Contrast-induced nephropathy and risk of acute kidney injury and mortality after cardiac operations

Santiago Garcia, Byungsoo Ko, Selcuk Adabag

Research output: Contribution to journalArticlepeer-review

37 Scopus citations


Contrast-induced nephropathy (CIN) is a predictor of long-term morbidity and mortality. We assessed whether patients in whom CIN developed at diagnostic coronary angiography also had an increased risk of acute kidney injury (AKI) and higher mortality after cardiac operations. We evaluated 949 patients who underwent cardiac procedures at the Minneapolis Veterans Administration (VA) Medical Center from 2004 to 2010. CIN was defined as a rise in the serum creatinine (SCr) level to < 0.5 mg/dL from baseline within 5 days after angiography. Outcomes were operative mortality and postoperative AKI using the Acute Injury Network and Risk, Injury, Failure, Loss, End-Stage (RIFLE) definitions. Multivariable logistic regression analysis adjusting for the VA mortality risk score was performed to assess the effect of CIN on postoperative mortality. Of the 949 patients, 62 (6.5%) experienced CIN after coronary angiography. Short (30-day) and long-term postoperative mortality was higher in patients who experienced CIN versus those who did not (6.5% versus 1.2% and 23% versus 10%, respectively; both p < 0.01). In multivariable analysis, the development of CIN was associated with a 4.2-fold increase in postoperative mortality after cardiac procedures (odds ratio [OR], 4.2; 95% confidence interval [CI], 1.313.7; p = 0.02). CIN was also associated with increased risk of postoperative AKI according to the Acute Kidney Network and RIFLE definitions (p < 0.0001 for all). The development of CIN at diagnostic angiography is an independent predictor of postoperative AKI and mortality after cardiac procedures.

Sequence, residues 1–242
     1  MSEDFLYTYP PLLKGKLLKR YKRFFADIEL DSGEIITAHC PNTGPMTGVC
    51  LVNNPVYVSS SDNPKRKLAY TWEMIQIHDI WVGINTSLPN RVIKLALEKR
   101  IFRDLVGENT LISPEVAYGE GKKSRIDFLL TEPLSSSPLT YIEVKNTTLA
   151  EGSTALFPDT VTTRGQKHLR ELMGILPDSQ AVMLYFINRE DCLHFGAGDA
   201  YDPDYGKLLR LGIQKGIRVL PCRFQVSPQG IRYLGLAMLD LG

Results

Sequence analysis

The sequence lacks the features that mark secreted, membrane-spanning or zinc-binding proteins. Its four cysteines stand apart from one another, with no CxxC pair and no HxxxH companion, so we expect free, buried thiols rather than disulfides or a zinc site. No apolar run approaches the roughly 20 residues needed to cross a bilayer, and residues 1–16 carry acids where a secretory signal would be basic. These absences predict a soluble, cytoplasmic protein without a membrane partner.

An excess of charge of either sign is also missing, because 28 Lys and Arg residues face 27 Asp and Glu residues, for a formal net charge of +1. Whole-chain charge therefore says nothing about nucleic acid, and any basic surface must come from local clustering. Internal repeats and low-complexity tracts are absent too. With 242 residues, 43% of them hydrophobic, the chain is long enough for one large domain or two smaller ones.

Original languageEnglish (US)
Pages (from-to)772-776
Number of pages5
JournalAnnals of Thoracic Surgery
Issue number3
StatePublished - Sep 1 2012


Dive into the research topics of 'Contrast-induced nephropathy and risk of acute kidney injury and mortality after cardiac operations'. Together they form a unique fingerprint.

Cite this